This is what Brad Holtzinger, Worldwide VP of Sales at a technology company did. Looking at the sales process, he was dismayed when sales people would uncover deals and then bring in the various stakeholders from his company to negotiate their piece of the pie. You have finance people negotiating the financial terms, legal personnel making sure everything was legit and proper and marketing people making sure product use and promises were in line with expectations. You can say there were too many chefs in the kitchen. The process was laborious at best and took forever.
Realizing this, Brad went to his Chief Legal Counsel and proposed the concept of empowering the sales reps to be the point and face to the customer on all negotiations. Once trained on the key legal, financial and marketing issues, they would be free to negotiate the right deal. Then they would have it approved by the various entities involved. Before getting the go ahead to involve the sales people, Brad had to show he could handle this sales process himself while looking out for company interests.
After successfully carrying out this process, he got the go ahead to bring his sales team on board.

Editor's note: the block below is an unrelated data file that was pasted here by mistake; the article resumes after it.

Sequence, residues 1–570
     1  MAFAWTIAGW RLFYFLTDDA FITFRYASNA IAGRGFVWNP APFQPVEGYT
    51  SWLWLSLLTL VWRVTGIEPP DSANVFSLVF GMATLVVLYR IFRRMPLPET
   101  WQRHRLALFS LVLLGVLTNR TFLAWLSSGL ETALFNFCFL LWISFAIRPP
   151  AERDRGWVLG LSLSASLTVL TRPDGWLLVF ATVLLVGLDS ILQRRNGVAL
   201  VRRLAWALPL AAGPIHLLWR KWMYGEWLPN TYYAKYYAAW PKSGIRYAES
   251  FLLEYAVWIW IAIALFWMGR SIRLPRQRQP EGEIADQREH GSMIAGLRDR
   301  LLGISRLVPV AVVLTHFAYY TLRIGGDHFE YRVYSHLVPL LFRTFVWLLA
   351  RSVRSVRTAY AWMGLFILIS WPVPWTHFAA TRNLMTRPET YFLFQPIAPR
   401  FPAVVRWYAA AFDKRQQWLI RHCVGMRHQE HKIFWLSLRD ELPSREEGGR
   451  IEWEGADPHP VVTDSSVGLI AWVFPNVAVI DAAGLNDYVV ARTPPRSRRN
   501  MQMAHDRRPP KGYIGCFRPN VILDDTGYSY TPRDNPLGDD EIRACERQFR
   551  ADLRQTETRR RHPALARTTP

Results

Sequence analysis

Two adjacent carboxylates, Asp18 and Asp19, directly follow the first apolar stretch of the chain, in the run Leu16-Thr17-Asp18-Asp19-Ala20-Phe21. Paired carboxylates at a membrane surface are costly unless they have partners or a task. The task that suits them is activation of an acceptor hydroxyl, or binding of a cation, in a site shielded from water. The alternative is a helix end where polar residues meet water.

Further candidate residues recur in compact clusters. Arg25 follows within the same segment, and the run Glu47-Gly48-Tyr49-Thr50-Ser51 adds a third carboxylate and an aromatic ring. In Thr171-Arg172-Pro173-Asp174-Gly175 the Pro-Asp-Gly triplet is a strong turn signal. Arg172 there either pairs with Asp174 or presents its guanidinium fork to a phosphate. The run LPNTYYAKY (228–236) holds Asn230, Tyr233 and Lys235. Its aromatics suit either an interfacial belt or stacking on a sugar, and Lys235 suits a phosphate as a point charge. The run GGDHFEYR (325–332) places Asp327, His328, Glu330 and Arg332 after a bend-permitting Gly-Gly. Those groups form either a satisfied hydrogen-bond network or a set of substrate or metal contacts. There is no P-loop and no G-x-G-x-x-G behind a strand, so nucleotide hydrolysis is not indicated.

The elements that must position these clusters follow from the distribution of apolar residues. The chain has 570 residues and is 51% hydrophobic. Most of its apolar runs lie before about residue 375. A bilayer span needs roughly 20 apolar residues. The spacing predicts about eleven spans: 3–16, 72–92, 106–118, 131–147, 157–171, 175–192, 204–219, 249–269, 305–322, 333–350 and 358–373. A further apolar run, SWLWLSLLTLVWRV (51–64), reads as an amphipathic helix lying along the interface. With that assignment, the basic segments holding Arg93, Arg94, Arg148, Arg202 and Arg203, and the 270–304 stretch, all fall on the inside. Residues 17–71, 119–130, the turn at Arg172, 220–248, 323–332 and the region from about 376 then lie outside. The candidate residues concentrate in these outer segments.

He engaged a resource to train his sales people on all the legal issues. Then the training expanded to cover financial and marketing scenarios. Training included role-plays on key deals involving decision makers at all levels and being able to respond to all potential issues that would be raised.
The results were astounding. Sales people became more creative in developing a series of options for the customers to consider involving different terms. Customers were given the power to choose the right option. Deals were negotiated in a shorter amount of time. Customers felt their issues were being heard and dealt with on a quick turnaround basis.
Bottom line results included lower deviation from standards, consistent value and better results for both Brad’s company and the customers. Brad’s team put together three years of growth including an all time revenue number for a quarter and one year’s growth of 43% as compared to the prior year.
According to Brad, if you are hiring someone to sell, let them sell and close the deal! You need to empower them and train them properly. And they have to prove they can do the right deals. If not, move them out and find those who can.
In the end, Brad contends the only people he wants in front of the customer are those who are responsible for building and maintaining the relationships.
What’s your take on this? What would happen to your sales process and results if you could rely on your sales team to not only find the deals, but also create the right deals and close them? Isn’t this what sales is all about?